In contracts of all kinds, conditions are specifically laid out so that everyone involved knows what to expect, what is required of them, and what is required of the other party. They can't look into a crystal ball and see how it will all turn out, but they do what they can to ensure that everyone's on the same page, so that the situation will be successful.
In our personal lives, we don't always know ourselves well enough to be able to specify what our conditions are for being happy. We know we want a good job in the field of our choice, but we might not know what would need to be true in order to thrive in such a job. We know we want to find our soul mate and live happily ever after, but we might not have identified in ourselves our deepest needs, values, and expectations, let alone expressed those to the other person We might say "I do" without knowing what our personal conditions are for being happy, safe and secure in a marriage.
Now, when I say "conditions," I'm not referring to a wish list (five foot two, eyes are blue...") Preferences are all well and good, but they are optional (according to this definition). Conditions are serious business. If a condition (such as feeling safe, having enough to eat, feeling mutual respect) is not met, it means you cannot thrive in that situation. And if you cannot thrive in that situation, it will eventually cause you harm, and/or self destruct by virtue of its basic incompatibility. There's no making it okay as long as your minimum conditions are not met. If you stay, you will pay. Dearly.
If you look around, you'll see different people in different situations. Some folks are happy at home, but not at work. Some are the opposite. Some are content with their life style, but feel uncomfortable in their community. Or happy with their physical lives, but unhappy emotionally. The list goes on. But chances are, where we're happy, our conditions are being met, and where we're unhappy, our conditions are not being met. (Note that this isn't always the case, so you might have to evaluate).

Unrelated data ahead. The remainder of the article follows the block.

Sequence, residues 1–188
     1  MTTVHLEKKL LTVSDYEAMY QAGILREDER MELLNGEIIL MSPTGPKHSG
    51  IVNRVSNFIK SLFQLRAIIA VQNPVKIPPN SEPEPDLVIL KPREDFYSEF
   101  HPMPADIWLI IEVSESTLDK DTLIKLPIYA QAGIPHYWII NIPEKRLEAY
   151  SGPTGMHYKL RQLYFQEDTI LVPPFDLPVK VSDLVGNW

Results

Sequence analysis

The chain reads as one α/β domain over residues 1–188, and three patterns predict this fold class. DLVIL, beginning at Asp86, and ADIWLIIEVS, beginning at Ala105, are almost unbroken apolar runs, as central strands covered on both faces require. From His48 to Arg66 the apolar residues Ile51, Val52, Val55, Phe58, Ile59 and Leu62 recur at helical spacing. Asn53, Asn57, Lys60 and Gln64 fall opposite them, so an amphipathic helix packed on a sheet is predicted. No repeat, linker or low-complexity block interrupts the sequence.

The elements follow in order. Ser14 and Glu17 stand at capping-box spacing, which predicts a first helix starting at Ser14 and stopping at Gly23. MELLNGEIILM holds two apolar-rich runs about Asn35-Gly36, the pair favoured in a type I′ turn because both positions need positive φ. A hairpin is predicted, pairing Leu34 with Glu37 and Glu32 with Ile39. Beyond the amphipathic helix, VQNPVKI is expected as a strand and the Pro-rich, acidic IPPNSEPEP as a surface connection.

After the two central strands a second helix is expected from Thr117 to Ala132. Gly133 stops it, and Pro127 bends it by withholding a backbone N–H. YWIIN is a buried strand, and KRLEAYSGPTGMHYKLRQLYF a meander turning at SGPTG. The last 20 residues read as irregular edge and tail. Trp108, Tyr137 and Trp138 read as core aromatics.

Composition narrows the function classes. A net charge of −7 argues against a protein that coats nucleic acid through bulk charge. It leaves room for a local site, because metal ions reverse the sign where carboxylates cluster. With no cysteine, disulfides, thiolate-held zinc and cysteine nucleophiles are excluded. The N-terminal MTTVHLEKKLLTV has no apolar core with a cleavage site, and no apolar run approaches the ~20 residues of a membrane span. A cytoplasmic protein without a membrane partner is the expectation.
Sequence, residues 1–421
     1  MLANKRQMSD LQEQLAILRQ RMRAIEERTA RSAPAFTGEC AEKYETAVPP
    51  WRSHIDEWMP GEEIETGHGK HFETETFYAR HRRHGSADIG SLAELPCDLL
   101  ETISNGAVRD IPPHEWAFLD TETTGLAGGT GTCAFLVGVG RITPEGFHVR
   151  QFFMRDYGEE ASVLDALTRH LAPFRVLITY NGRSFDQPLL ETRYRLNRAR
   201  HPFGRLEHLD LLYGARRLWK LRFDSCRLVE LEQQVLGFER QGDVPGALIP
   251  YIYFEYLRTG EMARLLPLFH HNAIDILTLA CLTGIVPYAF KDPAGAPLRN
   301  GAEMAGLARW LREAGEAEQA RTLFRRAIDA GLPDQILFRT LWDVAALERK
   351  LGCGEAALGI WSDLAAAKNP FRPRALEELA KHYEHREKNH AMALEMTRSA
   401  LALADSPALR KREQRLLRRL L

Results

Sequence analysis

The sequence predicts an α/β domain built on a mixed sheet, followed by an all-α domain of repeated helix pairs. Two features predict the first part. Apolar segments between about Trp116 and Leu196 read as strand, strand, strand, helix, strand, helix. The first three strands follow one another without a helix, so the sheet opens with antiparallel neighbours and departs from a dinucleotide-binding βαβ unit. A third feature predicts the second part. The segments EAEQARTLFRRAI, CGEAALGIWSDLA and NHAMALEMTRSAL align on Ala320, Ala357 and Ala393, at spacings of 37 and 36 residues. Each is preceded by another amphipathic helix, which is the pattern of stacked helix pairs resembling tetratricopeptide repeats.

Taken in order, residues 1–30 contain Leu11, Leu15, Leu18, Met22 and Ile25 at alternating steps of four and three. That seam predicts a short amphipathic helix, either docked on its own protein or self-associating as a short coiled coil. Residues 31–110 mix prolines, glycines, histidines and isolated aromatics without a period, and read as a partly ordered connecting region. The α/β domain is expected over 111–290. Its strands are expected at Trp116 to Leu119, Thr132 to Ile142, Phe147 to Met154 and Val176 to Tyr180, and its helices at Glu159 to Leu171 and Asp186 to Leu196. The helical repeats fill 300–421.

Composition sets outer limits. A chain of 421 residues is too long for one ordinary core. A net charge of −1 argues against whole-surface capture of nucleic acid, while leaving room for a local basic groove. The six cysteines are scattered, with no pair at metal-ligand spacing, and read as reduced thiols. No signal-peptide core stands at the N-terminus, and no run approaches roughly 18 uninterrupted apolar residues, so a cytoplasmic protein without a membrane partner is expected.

This week, I invite you to look at the different areas of your life, and notice where things feel easy and natural, and where you have a lot of conflict or strife. Choose an area that needs work, and sit down with a pen and paper. At the top of the page, write out the question:
"What would need to be true in order for me to be happy in my [state the situation]?" Then make a list. Try to state things affirmatively and in the present tense: "I feel respected," "My children are safe," "We are spiritually compatible," "I make $50,000/year." These are your conditions.
Review the list. It should be quite illuminating. If anything you wrote down was optional, put it on a separate list, because your list of conditions should represent your personal bottom line. Once you've consciously completed your list, you may find that your situation starts to change, as if by magic. It may spontaneously transform, or it may go away to be replaced by something that does meet your conditions.